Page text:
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Let X be a complete metric space, with no isolated points. Let
A be a dense subset of X. Suppose that A is a countable
intersection of open sets. What can we conclude about A?

A is uncountable

page 48 in OLDTIMER

page 48 in OLDTIMER

Let X be a metric space with no isolated points. Let A be a
countable dense subset of X. Suppose that A is a countable
intersection of open sets. What can we conclude about the
metric space X?

X is incomplete

page 48 in OLDTIMER

page 48 in OLDTIMER

Let X be a complete metric space, with no isolated points. Let
A be a countable subset of X, which is a countable intersection
of open sets. What can we conclude about A?

A is not dense

page 48 in OLDTIMER

page 48 in OLDTIMER

Let X be a complete metric space. Let A be an infinitely
countable dense subset of X, which is a countable intersection
of open sets. Is this setup possible?

It is possible. For example:

Let X be {0} u {1/n : n:-N}.

Let A = X.

Let A be a countable intersection of itself.

Or, let A = X\{0}.

Let X be {0} u {1/n : n:-N}.

Let A = X.

Let A be a countable intersection of itself.

Or, let A = X\{0}.

Let X be a complete metric space with no isolated points. Let A
be a countable dense subset of X, which is a countable
intersection of open sets. Is this setup possible?

NO.

page 48 in OLDTIMER

page 48 in OLDTIMER

inf {x + 1/x : x>0} = ???

inf {x + 1/x : x>0} = 2

X set, W c P(X).

(1) X :- W

(2) A,B :- W => A u B :- W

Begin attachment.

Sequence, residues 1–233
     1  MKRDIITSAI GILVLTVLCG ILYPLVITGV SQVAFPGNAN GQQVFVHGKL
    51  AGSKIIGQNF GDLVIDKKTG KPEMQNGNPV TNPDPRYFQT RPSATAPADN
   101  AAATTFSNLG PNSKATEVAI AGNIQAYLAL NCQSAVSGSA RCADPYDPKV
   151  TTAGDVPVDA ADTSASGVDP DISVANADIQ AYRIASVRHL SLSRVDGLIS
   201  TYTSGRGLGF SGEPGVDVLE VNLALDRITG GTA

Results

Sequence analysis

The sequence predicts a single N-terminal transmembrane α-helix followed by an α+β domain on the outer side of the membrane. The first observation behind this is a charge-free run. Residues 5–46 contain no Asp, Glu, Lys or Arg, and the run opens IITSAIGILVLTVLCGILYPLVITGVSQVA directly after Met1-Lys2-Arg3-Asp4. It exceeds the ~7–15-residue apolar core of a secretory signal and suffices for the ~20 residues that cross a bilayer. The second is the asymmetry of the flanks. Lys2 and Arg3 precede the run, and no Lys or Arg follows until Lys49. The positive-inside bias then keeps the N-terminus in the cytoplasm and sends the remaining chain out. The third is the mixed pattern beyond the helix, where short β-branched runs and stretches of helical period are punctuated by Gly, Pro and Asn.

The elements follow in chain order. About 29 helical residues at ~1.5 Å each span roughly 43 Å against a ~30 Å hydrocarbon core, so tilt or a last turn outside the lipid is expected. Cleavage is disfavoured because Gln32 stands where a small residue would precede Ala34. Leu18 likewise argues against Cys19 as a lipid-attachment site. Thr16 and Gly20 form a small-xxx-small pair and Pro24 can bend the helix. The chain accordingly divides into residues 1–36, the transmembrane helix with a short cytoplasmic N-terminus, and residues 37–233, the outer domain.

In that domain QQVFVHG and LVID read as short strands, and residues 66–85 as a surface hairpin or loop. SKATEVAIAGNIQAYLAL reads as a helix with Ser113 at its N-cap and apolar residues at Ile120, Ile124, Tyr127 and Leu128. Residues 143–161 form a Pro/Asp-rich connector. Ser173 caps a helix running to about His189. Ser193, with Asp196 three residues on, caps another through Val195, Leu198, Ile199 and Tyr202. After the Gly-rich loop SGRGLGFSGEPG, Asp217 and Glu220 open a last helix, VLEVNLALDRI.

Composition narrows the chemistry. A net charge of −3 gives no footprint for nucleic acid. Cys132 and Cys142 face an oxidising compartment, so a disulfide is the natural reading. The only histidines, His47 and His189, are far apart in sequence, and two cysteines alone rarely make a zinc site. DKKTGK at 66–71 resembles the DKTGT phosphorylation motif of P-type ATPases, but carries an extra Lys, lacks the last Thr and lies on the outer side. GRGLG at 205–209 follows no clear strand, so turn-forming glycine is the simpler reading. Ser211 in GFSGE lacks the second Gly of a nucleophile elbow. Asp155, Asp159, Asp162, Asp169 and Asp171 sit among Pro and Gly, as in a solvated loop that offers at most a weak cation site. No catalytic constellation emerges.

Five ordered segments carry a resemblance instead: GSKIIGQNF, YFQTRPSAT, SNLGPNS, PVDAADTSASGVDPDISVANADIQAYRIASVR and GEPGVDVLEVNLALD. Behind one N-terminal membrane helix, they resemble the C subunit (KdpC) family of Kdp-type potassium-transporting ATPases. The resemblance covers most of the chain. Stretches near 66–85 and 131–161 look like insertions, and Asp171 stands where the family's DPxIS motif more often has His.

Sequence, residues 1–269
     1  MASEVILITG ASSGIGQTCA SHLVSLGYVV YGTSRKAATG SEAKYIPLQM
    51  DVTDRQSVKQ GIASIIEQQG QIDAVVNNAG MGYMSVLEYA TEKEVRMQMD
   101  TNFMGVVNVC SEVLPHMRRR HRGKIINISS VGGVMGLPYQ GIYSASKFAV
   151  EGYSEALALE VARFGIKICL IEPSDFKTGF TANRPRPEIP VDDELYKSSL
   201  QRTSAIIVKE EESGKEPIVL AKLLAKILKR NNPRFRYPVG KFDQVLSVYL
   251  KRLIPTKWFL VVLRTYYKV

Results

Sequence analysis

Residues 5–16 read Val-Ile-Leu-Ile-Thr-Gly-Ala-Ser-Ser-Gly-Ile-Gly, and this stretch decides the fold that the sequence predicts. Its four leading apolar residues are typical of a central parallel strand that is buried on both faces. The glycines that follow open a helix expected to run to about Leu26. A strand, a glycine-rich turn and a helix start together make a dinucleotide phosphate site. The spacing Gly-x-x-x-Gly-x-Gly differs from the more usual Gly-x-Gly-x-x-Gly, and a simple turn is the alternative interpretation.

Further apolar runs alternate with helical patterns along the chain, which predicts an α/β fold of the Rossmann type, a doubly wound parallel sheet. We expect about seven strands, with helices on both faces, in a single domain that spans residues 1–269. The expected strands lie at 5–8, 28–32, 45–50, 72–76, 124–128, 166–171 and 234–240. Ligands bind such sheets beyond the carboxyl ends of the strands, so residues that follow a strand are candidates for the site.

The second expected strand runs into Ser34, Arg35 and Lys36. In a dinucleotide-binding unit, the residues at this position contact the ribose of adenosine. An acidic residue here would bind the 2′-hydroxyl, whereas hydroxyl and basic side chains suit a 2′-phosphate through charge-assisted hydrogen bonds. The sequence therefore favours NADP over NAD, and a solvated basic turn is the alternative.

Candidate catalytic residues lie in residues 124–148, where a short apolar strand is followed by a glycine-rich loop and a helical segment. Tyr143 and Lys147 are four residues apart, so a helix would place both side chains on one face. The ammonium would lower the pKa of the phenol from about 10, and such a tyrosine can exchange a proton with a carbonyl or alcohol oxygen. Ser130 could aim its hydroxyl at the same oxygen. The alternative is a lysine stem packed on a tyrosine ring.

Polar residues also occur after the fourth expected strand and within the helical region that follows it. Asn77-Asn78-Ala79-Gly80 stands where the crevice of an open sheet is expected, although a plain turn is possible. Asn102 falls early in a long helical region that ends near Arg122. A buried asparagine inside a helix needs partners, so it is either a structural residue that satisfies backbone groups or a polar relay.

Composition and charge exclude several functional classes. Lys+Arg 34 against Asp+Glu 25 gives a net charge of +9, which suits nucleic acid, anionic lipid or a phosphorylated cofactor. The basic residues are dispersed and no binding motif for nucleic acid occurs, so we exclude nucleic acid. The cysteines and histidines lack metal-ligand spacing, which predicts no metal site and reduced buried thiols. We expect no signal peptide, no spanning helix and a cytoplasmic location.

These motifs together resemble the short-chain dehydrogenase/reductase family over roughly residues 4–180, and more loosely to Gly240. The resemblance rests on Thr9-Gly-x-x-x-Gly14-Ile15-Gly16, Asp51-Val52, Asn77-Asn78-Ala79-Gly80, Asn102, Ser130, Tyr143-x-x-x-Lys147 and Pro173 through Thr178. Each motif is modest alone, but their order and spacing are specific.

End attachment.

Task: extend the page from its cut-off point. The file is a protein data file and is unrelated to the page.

(3) A :- W => X\A :- W

Prove that

(4) A,B :- W => A n B :- W

(1) X :- W

(2) A,B :- W => A u B :- W

(3) A :- W => X\A :- W

Prove that

(4) A,B :- W => A n B :- W

X \ (A n B) = (X\A) u (X\B) belongs, hence (4) is OK.

A \ B = A n (X\B) belongs, hence (5) is OK.

A \ B = A n (X\B) belongs, hence (5) is OK.

Let f be a complex function defined on an open set. Suppose
that this function is diffable at a point. Prove that at this
point function Re(f) has a partial derivative with respect to
the first variable.

page 18 in OLDTIMER

Let f be a complex function defined on an open set. Suppose
that this function is diffable at a point. Prove that at this
point function Im(f) has a partial derivative with respect to
the second variable.

page 18 in OLDTIMER

Let m be a natural number. Let z be a complex number with |z| <
1.

Express differently:

+(n=0 to n=oo) [ z^n * (n+m)! / n!*m! ] = ???

Express differently:

+(n=0 to n=oo) [ z^n * (n+m)! / n!*m! ] = ???

= 1 / (1-z)^(m+1)

page 190 in the palace notebook

page 190 in the palace notebook